Consider the police. Which Indian will go to the police for protection? Recently, on my way to the Hyderabad airport a policeman stopped the car and asked the driver to show his license, registration, insurance and pollution control certificates which were all in order. He then asked me why was the driver not wearing his dress! He let us go only when I called up the Director-General of Police.

The fifth reason is our not codifying religions other than Hinduism. Why can a Muslim who is not a government servant, have four wives, or be governed even in important matters of basic human rights to which the country is committed, by Sharia rather than by common law? We allow all this in spite of the hypocrisy of all religions. Thus, no clergy raises an eyebrow when anyone amongst the rich or the powerful marries outside of one’s caste, community or religion. But the same clergy raise hell for someone doing the same in a village.

Doing little about such hypocrisy of religion has been one of our greatest failures. This has divided the people. Instead of confining religion to one’s private space, it has been used as a political tool to divide people.

The same would be true of reservations for the Scheduled Castes and Tribes or Other Backward Classes. After Independence, we had instituted reservations for only ten years with the promise to create equal opportunities for all and consequently end reservations. But that did not happen because we designed our policies on education to ensure that.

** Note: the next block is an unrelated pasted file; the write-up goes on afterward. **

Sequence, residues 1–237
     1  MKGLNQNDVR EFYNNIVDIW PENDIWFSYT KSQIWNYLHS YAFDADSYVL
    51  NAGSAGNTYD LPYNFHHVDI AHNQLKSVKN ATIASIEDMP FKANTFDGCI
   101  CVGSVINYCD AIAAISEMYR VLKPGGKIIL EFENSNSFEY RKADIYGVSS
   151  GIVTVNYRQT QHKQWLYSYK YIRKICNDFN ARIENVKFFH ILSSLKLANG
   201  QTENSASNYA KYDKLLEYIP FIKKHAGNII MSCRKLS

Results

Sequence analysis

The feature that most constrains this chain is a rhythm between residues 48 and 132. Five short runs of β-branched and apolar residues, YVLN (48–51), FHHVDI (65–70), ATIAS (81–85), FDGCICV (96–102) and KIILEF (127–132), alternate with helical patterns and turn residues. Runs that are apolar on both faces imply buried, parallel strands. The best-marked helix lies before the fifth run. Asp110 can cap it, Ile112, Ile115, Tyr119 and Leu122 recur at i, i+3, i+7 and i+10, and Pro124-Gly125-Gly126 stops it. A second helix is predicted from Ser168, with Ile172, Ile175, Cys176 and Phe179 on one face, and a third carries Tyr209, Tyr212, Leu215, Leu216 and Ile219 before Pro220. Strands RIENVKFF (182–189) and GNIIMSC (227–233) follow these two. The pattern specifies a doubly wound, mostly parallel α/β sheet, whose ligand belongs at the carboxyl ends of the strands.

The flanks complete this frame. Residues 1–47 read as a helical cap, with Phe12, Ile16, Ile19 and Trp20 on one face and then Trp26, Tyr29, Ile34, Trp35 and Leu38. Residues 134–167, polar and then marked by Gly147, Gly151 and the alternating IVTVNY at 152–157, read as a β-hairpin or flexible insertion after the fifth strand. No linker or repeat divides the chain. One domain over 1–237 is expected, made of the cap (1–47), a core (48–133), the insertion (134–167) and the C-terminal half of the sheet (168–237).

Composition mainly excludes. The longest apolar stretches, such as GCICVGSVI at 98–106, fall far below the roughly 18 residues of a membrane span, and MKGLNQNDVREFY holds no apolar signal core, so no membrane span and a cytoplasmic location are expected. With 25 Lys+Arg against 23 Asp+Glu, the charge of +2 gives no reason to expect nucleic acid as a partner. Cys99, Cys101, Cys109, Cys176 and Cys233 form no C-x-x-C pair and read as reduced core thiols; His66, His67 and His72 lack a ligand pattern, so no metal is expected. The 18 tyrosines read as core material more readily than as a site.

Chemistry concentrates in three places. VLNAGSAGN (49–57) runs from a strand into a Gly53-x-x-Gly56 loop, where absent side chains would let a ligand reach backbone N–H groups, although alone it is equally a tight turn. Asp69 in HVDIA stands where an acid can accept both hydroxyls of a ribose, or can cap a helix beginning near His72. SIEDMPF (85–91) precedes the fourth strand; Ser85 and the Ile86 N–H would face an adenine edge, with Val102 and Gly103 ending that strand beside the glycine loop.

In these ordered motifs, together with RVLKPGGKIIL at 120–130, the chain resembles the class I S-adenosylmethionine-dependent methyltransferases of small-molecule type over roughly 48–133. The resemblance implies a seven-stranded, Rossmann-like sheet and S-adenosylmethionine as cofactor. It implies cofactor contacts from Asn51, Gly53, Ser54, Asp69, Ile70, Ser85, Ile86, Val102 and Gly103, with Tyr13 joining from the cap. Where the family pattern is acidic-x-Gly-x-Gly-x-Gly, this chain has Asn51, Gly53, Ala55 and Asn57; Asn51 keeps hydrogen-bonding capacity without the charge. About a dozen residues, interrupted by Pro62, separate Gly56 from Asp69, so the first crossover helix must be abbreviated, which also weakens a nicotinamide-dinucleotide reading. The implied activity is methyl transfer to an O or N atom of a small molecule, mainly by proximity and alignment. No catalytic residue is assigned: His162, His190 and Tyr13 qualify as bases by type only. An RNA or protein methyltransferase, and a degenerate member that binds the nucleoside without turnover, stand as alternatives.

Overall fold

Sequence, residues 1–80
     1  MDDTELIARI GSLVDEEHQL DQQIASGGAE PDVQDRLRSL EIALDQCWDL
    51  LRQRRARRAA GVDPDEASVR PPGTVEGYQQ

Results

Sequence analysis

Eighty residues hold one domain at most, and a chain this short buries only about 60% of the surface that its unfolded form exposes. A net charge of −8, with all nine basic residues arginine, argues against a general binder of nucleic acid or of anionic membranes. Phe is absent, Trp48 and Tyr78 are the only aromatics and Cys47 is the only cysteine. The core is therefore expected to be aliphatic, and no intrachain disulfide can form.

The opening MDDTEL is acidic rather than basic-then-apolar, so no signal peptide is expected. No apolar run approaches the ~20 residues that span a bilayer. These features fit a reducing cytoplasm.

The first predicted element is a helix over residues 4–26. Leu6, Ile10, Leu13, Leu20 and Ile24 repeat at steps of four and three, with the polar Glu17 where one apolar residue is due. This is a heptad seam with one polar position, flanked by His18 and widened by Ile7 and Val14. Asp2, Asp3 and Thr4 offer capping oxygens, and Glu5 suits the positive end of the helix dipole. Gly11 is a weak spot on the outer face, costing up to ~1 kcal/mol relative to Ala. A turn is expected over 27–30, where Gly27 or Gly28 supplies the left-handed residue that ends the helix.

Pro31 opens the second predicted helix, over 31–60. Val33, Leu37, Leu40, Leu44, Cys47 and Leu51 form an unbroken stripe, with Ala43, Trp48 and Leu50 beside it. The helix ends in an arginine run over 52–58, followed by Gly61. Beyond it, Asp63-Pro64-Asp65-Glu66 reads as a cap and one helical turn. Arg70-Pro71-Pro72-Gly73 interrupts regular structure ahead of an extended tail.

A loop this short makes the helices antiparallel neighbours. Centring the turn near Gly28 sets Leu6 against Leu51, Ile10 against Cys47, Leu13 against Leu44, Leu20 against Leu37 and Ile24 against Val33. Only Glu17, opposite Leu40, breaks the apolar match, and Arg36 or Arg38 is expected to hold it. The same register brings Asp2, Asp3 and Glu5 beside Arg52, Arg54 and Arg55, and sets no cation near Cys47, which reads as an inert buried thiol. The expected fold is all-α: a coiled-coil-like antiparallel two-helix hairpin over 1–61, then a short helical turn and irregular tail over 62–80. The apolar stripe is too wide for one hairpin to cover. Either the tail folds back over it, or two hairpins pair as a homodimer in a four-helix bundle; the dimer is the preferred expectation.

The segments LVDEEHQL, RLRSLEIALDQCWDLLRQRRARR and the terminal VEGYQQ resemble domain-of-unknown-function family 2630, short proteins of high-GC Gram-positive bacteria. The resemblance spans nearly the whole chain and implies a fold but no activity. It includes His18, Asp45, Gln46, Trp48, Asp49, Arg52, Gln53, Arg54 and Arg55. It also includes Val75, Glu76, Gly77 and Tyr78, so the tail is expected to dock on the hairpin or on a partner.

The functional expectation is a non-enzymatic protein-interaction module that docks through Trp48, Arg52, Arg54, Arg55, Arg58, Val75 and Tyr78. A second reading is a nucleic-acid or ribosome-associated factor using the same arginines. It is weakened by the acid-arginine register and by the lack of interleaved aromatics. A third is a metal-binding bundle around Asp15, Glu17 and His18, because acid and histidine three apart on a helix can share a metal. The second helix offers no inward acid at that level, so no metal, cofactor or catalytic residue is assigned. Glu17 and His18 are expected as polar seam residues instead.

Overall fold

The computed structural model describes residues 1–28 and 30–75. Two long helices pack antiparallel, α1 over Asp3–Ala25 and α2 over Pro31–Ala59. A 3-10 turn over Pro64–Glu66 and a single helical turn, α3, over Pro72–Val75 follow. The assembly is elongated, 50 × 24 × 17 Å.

Sixthly, as we have not de facto separated religion from the state, our top politicians and bureaucrats holding public office fall prostrate in front of dubious godmen, seek the blessings of celestial deities in our places of worship to ensure the safety of a satellite launch and have no hesitation in bribing the gods to have their unethical and immoral wishes fulfilled. In fact, all religions provide their practitioners widely used recipes to wash off their sins.

Seventhly, money and position have acquired the power to derail justice which, if delivered within a framework of honesty and integrity, can be a great equaliser. Lastly, governance and objectivity have become so anachronistic that politics and subterfuge have become synonymous.

And it is not that all of India cannot come together relegating all distinctions based on religious or political creed, caste or class, and language or educational status, to the background. We did that when we successfully fought the battle against genetically modified brinjal. We did that recently in the battle against corruption led by Anna Hazare. They were all spontaneous, civil society’s initiatives. We just have to ensure that interference by politicians, bureaucrats and clergy does not come in the way of similar efforts in the future.

Whither Indian identity? Civil society initiatives hold out promise P.M. Bhargava, The Tribune, 8th May 2011.